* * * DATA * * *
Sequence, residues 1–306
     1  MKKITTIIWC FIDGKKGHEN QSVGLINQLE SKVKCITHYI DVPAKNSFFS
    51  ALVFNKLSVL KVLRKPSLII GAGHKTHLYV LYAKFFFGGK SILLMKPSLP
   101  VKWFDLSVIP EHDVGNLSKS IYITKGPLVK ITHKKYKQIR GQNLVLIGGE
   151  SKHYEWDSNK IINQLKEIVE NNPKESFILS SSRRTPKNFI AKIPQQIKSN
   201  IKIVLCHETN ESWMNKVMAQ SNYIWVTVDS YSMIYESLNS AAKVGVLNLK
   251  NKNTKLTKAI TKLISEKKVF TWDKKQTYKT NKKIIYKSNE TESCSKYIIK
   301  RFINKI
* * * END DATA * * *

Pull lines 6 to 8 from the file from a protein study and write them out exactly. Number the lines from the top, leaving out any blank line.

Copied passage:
   201  IKIVLCHETN ESWMNKVMAQ SNYIWVTVDS YSMIYESLNS AAKVGVLNLK
   251  NKNTKLTKAI TKLISEKKVF TWDKKQTYKT NKKIIYKSNE TESCSKYIIK
   301  RFINKI